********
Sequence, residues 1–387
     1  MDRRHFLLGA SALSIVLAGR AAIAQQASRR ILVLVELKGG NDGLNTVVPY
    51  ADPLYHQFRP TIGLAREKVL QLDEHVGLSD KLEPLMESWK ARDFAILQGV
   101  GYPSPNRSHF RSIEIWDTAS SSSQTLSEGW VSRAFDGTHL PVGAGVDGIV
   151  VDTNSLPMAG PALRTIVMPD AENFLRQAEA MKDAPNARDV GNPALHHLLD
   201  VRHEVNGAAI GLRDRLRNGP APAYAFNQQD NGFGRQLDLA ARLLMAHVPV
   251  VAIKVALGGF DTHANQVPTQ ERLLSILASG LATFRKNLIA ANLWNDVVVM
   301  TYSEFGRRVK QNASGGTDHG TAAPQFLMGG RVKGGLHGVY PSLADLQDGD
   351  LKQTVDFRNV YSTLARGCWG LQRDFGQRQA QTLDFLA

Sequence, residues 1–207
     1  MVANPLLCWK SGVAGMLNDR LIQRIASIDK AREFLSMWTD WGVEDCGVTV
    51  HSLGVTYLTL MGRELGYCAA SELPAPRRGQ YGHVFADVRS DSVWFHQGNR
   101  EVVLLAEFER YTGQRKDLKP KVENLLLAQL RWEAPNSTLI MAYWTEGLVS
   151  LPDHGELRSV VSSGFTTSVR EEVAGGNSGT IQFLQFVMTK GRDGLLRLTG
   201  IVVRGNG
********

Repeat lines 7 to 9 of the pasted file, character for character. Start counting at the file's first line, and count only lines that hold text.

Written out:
   251  VAIKVALGGF DTHANQVPTQ ERLLSILASG LATFRKNLIA ANLWNDVVVM
   301  TYSEFGRRVK QNASGGTDHG TAAPQFLMGG RVKGGLHGVY PSLADLQDGD
   351  LKQTVDFRNV YSTLARGCWG LQRDFGQRQA QTLDFLA